The Twin Cities has made the “Top 10 Rising Cites” for startup-business climate, outside the capital-attracting tech hubs of the east-and-west coasts, as well as Austin,Tex., and Chicago.

According to Forbes and Steve Case’s “Rise of the Rest” venture organization, the Twin Cities attracted $1.7 billion in venture capital to young companies, and finished ninth, behind Philadelphia, but ahead of Charlotte, N.C., in terms of a good environment to launch business.

Forbes, the business publisher, named Columbus, Ohio, the best among the second-tier “emerging cities for startups that are poised to thrive in the decades ahead."

The Ohio capital scored highly for its college presence, low cost of living and doing business. VC deal values topped $250 million in Columbus for the first nine months of the year, which is already more than triple the total value for the 12 months in 2016, according to PitchBook.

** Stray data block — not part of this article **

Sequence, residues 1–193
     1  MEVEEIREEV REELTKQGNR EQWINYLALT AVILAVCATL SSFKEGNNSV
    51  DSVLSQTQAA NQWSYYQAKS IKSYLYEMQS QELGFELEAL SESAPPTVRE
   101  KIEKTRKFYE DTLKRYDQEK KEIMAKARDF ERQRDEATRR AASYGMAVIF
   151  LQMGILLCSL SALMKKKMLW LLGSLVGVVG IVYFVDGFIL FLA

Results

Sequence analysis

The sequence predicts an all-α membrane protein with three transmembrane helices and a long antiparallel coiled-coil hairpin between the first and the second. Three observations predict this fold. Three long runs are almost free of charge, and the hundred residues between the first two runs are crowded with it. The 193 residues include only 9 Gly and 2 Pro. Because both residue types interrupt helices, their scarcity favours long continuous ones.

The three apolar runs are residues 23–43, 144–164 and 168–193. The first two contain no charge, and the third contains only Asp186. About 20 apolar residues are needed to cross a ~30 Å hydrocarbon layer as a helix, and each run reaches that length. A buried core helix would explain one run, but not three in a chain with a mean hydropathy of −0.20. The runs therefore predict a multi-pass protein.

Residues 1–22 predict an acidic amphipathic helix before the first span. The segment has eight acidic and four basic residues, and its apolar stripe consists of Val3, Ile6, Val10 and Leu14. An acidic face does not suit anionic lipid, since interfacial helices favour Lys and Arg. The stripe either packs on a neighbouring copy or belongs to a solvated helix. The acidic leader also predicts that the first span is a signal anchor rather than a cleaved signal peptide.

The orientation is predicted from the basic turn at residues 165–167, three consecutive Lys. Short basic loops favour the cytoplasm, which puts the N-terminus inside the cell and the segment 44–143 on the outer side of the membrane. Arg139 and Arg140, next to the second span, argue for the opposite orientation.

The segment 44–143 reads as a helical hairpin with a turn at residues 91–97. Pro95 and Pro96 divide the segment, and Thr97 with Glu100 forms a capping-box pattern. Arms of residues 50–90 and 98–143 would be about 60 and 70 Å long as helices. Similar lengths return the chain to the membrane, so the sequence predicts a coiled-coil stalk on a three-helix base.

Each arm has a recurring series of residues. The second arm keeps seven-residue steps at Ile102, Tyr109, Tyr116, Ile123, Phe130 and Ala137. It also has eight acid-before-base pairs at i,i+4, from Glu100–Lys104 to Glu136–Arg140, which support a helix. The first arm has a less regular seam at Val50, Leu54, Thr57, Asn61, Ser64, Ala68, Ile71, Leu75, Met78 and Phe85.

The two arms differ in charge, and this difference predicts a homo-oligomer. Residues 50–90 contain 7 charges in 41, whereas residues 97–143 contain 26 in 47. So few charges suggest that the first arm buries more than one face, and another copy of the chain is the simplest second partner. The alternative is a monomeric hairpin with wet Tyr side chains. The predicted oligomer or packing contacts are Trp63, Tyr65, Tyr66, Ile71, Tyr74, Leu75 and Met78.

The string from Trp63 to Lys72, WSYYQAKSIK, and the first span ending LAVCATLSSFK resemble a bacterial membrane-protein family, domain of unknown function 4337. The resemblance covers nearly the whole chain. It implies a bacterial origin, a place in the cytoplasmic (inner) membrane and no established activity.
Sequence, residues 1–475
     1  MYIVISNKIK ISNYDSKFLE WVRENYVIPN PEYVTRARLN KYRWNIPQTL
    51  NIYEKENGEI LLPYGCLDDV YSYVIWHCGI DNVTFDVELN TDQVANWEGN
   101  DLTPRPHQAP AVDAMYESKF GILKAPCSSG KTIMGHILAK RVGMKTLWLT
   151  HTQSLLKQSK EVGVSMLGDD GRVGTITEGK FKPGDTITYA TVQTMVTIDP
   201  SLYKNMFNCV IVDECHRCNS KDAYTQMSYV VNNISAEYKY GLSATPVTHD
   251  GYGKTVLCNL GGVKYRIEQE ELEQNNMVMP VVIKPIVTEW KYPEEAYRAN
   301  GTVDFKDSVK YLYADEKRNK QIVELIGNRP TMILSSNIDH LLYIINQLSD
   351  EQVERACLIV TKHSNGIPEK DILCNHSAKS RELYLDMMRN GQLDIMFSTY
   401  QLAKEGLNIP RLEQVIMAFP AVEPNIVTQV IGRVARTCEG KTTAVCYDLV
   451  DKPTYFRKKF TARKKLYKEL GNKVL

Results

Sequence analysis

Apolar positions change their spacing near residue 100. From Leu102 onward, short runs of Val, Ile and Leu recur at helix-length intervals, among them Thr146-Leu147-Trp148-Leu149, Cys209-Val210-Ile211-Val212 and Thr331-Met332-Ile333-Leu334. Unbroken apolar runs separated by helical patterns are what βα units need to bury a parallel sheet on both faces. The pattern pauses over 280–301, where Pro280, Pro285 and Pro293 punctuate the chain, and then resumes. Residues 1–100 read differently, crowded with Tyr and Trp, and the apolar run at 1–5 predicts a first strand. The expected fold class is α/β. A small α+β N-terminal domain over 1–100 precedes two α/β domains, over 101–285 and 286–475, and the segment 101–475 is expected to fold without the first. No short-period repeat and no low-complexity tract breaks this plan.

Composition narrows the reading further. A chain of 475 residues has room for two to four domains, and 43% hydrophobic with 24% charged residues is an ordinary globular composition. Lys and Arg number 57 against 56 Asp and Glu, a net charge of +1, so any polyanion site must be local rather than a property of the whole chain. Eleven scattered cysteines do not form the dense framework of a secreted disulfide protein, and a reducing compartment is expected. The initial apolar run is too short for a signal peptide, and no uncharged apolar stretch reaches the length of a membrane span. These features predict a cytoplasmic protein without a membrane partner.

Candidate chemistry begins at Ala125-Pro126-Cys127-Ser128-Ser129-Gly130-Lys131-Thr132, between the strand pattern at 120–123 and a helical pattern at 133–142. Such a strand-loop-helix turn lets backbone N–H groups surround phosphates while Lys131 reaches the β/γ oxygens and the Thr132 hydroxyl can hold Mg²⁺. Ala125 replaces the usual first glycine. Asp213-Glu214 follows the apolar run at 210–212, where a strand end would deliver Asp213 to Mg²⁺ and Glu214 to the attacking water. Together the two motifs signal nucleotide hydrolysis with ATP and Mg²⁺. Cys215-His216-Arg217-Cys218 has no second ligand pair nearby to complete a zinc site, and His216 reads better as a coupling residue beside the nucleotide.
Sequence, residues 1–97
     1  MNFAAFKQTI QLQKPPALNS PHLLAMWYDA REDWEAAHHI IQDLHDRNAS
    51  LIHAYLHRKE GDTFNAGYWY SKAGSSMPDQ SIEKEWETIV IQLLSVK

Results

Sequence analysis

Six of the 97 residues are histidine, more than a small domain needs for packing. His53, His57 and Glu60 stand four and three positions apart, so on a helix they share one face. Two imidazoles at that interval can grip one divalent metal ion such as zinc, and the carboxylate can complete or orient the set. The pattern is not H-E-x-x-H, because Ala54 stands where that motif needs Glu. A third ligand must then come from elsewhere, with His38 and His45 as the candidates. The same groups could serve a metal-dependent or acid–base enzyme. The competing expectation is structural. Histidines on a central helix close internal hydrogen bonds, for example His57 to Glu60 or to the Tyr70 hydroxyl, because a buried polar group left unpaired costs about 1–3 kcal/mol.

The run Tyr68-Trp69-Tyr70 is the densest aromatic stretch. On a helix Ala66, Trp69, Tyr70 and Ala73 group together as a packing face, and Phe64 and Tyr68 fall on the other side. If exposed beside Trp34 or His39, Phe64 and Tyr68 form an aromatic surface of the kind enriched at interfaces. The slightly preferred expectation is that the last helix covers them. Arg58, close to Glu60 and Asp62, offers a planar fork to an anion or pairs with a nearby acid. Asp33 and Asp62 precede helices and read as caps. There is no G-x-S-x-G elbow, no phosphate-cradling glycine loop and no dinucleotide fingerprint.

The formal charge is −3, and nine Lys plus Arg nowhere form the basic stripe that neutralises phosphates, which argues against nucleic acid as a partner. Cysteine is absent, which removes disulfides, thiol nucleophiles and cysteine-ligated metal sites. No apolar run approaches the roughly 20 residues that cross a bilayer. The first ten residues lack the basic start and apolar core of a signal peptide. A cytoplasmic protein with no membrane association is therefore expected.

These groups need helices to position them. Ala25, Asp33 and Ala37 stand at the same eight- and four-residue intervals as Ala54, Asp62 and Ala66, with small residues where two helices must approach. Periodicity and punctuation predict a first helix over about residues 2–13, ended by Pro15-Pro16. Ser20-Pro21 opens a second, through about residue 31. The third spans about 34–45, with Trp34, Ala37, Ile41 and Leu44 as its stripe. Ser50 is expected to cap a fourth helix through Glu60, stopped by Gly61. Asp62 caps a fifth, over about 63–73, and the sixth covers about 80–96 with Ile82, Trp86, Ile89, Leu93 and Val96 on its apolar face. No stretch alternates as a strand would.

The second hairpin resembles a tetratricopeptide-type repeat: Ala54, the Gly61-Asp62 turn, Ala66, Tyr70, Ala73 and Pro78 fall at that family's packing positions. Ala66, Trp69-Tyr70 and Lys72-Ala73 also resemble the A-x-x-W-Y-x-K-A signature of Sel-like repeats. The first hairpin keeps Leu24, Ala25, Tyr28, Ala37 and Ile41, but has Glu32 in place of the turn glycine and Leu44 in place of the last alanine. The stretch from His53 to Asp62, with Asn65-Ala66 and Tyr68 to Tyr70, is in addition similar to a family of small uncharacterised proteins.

Atlanta and Denver were the only two municipalities on the list of 10 to bring in more venture capital over the last three years than the Twin Cities.

Forbes compared the 30 largest metro areas, outside of the Big 10 venture hubs that get most of the venture capital, on 13 factors, including cost-of-living-and-business, education levels, college presence, entrepreneurship rates, working-age population growth and venture capital investments. Data was provided by PitchBook, Moody’s Analytics and the Kauffman Foundation.

Randall Lane, Forbes’ chief content officer and Steve Case, the co-founder of Rise of the Rest,, revealed the first-ever Top Rising Cities for Startups list onstage Monday at Forbes entrepreneurial summit in Boston that claimed “7,000 entrepreneurs, game changers, and visionaries from around the world.”
Case, billionaire co-founder of AOL, also has started a venture capital firm. In 2014, Revolution launched the Rise of the Rest platform to focus on startups in heartland cities between the coasts. Last year Revolution launched the $150 million Rise of the Rest Seed Fund.

Case has invested in several Twin Cities companies in recent years.

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